NSW reveals pathway back to school plan, with ideas for ECEC
Sarah Mitchell, the New South Wales Minister for Education, has revealed the plan which will support NSW children when they move back to school, and in some cases early learning, from next week.
Under the plan, rapid antigen tests (RATs) will be provided to early childhood educators, with each staff member receiving two tests a week for the next four weeks. In school settings, RATs will be given to all students and staff by their schools.
In concert with the Australian Childcare Alliance (ACA) national body, ACA NSW has indicated that it “may be able to assist with the supply and delivery of RATs to early childhood education and care (ECEC) services by end January 2022,” for its members.
“While ACA NSW encourages ECEC services to direct their parents/guardians to register their expressions of interests for RATs, ACA NSW members can submit their expressions of interest of RATs for their ECEC services for the period of 31 January 2022 to 28 February 2022.”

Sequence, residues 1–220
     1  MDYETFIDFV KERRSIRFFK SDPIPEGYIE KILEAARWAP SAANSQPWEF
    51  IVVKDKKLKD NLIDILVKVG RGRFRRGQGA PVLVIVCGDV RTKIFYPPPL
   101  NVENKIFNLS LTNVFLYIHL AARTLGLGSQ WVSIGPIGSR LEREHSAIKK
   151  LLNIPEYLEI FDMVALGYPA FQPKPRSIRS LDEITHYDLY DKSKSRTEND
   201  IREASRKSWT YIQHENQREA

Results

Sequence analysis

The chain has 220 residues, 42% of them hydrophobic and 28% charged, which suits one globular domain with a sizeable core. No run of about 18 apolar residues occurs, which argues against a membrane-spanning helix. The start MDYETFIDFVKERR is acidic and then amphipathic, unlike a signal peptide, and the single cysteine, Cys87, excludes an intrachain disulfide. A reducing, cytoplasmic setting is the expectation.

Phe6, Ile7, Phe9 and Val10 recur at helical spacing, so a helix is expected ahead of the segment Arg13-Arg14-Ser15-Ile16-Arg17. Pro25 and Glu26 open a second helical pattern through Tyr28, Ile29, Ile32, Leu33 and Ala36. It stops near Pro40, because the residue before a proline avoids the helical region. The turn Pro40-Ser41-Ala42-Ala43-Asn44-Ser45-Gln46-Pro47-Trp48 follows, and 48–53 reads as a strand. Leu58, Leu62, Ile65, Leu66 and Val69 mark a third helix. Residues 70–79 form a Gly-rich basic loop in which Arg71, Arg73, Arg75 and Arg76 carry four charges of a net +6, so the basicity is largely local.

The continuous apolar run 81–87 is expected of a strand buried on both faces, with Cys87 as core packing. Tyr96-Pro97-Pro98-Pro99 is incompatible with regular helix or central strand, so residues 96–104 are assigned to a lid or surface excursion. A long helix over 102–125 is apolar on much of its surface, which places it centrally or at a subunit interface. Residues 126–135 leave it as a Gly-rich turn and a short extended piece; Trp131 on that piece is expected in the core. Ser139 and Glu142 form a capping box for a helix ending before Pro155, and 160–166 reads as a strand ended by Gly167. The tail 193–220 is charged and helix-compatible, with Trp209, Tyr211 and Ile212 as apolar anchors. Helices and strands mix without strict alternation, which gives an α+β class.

“Once supply and delivery arrangements have been confirmed, those who have registered their interests above will be given priority access to submit and confirm their orders, payments and addresses for delivery,” information on the ACA NSW website read.
“ACA NSW anticipates the price per RAT should be about $15.00 inc GST. These RATs will be on the Therapeutic Goods Administration’s Approved List and are likely to be clinically rated as ‘High Sensitivity to ‘Very High Sensitivity’.”
Members can also refer to ACA NSW’s “Is your service COVIDready?” for all legal and regulatory obligations, references, tools and frequently asked questions and answers that are relevant to ECEC services.
While much of the information released focuses on children who are returning to school settings, there is some advice in the release which relates to ECEC settings including:
- Children and staff are encouraged to wash or sanitise their hands regularly;
- Enhanced cleaning processes should be used on high touch areas, hard surfaces, door handles, light switches, handrails, and other areas where there is high movement;
- Keeping children in “cohort” groups to minimise the potential for high transmission across the service;
- Consider staggered drop off and pick up times, and minimising shared use of outdoor spaces.
Where possible, schools were encouraged to use fresh air as a means of ventilation and to minimise transmission. If this isn’t possible, mechanical ventilation should be considered, while the use of outdoor spaces for education and learning “will continue to be encouraged.”
More details can be found here.
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